Thursday, January 31, 2008

Bush's system-destructive years provide a clean slate for an American renewal

The democratic world seems to be coming up with a magic figure for the tenure of a high office. It is approximately eight years. Margaret Thatcher exceeded it by three years and had to be pushed out of office, as was Tony Blair who was two years over par. The Americans, whose love for organisation is well known, have institutionalised it to two 4-year terms for their president.
But the pushing process begins early; ask George W Bush. Till two years ago he could do no wrong. He led his country into an extraordinary adventure in Iraq and they voted him back to power in 2004 with a greater majority. He used the fiscal surpluses he inherited to pursue the conservatives’ favourite agenda — tax cuts — even after defence expenditure soared. He systematically undermined American civil liberties and the people seemed not to care.
Bush has already been condemned to the prison specially reserved for democratic politicians — irrelevance. Tony Blair is there, as are V.P. Singh, Inder Gujral and Atal Bihari Vajpayee. Politics is a cruel profession. It takes a protagonist to unprecedented heights and then, without fear or favour, lets go of them. You can be a dictator like Stalin or a Mao, feared and adored in their lifetimes, but getting their comeuppance in history.
The high, and the let down, for politicians in the democratic system may not be as dramatic, but it must nevertheless be painful. In the United States, the process usually begins with a president’s last state of the union address. Last year around this time, when Bush delivered the address, the economy was doing well and the war badly. Poor Dubya, he got slammed for the war and little praise for the economy. This time, the war in Iraq is doing well and the economy on the brink of recession, and no one is talking about the war.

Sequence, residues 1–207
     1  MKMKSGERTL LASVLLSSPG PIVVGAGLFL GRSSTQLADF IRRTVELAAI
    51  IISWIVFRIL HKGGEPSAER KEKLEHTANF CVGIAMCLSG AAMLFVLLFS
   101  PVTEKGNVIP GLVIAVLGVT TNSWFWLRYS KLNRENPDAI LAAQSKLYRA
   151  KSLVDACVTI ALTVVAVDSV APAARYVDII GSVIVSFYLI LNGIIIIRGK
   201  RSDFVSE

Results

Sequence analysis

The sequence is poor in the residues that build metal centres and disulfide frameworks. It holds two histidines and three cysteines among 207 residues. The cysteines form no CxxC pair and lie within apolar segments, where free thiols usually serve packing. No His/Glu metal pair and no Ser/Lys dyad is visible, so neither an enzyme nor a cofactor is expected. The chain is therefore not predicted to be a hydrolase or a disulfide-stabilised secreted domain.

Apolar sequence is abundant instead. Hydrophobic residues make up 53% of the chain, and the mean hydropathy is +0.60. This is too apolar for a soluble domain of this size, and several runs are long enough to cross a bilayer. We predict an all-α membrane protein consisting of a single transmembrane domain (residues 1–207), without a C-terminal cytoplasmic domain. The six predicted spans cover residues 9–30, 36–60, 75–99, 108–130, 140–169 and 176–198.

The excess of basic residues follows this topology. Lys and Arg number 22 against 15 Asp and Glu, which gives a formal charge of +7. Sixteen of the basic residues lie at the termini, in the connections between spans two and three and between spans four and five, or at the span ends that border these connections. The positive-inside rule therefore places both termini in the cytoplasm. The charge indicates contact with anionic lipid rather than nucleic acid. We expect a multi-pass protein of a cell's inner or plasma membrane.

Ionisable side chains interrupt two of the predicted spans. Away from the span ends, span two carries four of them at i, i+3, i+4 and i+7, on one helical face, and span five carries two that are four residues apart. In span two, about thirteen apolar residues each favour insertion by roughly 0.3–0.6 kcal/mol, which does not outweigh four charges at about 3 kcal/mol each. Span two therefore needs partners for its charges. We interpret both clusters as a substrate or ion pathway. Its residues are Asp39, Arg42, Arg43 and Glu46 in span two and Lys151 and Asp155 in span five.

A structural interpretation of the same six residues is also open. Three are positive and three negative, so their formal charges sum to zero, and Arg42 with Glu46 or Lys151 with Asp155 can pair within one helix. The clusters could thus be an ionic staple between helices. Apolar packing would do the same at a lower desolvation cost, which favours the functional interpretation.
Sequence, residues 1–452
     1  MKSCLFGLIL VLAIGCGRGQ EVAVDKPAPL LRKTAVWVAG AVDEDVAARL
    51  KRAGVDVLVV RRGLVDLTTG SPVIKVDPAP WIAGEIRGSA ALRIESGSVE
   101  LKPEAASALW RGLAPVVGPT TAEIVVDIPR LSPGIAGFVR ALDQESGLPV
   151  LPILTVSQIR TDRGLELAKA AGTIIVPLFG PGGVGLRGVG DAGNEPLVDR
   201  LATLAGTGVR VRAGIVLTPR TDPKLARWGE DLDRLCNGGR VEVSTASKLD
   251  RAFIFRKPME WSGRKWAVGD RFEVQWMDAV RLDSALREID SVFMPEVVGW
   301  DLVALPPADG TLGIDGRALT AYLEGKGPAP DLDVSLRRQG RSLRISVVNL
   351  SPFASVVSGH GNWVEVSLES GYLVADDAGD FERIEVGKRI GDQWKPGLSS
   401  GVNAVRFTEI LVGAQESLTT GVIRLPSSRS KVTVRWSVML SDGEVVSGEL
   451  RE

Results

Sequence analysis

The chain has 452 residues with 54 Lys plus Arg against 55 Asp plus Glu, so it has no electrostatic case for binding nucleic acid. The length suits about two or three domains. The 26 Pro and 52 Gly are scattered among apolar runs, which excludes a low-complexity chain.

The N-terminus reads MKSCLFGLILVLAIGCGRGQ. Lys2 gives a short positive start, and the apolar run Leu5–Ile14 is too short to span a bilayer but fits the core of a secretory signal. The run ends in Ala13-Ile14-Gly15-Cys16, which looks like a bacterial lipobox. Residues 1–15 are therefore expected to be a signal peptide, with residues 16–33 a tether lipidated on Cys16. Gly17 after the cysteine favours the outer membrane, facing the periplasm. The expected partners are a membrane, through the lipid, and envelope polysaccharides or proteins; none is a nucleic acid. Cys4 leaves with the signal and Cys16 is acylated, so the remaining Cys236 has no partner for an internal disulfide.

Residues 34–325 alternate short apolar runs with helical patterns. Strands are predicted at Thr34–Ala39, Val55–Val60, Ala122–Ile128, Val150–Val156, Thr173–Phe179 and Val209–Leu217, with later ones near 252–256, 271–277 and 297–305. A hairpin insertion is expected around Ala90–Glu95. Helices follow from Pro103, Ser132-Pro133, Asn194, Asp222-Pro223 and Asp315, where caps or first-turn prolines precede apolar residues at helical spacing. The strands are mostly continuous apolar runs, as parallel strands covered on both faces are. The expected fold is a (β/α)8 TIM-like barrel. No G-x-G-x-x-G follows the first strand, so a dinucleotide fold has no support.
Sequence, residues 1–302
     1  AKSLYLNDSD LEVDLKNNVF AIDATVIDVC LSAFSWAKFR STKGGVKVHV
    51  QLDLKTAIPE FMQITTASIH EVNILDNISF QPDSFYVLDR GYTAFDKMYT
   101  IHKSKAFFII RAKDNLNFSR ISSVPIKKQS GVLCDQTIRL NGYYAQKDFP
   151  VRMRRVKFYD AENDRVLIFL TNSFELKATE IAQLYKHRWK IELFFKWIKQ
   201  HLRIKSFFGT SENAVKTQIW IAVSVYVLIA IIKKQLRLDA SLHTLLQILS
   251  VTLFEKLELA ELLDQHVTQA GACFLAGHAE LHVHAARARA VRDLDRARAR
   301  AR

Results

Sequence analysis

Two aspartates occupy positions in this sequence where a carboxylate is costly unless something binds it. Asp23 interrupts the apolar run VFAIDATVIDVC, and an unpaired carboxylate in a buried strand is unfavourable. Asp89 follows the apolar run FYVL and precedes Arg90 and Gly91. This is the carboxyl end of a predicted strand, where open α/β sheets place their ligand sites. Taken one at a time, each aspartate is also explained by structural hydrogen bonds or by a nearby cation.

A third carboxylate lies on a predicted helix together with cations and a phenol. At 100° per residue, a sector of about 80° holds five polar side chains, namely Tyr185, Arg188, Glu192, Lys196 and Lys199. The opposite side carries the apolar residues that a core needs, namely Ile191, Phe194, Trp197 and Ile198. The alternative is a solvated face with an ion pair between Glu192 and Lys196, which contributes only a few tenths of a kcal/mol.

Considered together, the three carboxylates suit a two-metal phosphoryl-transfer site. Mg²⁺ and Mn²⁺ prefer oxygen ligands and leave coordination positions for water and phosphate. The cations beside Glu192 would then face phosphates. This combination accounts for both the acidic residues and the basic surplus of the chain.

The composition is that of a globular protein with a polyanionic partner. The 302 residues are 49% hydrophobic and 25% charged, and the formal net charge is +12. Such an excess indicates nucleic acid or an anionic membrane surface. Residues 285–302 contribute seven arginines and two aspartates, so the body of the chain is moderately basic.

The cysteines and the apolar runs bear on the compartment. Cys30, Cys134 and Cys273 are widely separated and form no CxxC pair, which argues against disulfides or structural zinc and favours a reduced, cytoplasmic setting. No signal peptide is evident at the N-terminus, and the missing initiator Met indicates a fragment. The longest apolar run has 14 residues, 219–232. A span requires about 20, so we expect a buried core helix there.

He was a Teflon president till last November when his party lost its majority in the US Congress because of the war in Iraq. Given the iron control that the neocons retained on the system, it is more than likely that in the coming years the Bush “legacy” will be more about discovering the ways and means through which the President damaged and devalued the system, rather than the touted achievements. Last week, the Center of Public Integrity went through the process of counting the lies of his administration on the issue of Weapons of Mass Destruction and concluded that it had lied on a grand total of 935 occasions in the run-up to the Iraq war.
Bush has sought to strike an uncharacteristically non-confrontationist tone in his latest state of the union address, hoping perhaps to use the next 51 weeks that he had to salvage something of a legacy. But his thrust still seems to be the “what’s in it for me” approach. Take the war in Iraq. Violence may be down, but anyone who believes that the addition of 20,000 soldiers changed things around in Iraq is living in cloud cuckoo land. The change has come by the creation of the 80,000 strong Sunni militia paid $300 per month by the US to police the Sunni-majority areas. As for the Shias, they run the government and are biding their time for Uncle Sam’s departure. What will happen to this militia when the US leaves, no doubt after Bush is well settled at his ranch in Crawford, Tx? No one knows. But one thing is clear, neither the Iraqi army, nor the national police are capable of providing security for the country that has been torn apart by a war of George W. Bush’s making.


Typically, Bush has sought to use this last opportunity to push for institutionalising his tax cuts. The cuts, heavily weighted in favour of the rich, are supposed to produce a budget surplus by 2012 — the end of the next president’s first term. But the predictions do not take into account the cost of the wars in Iraq and Afghanistan that currently cost some $200 billion per annum.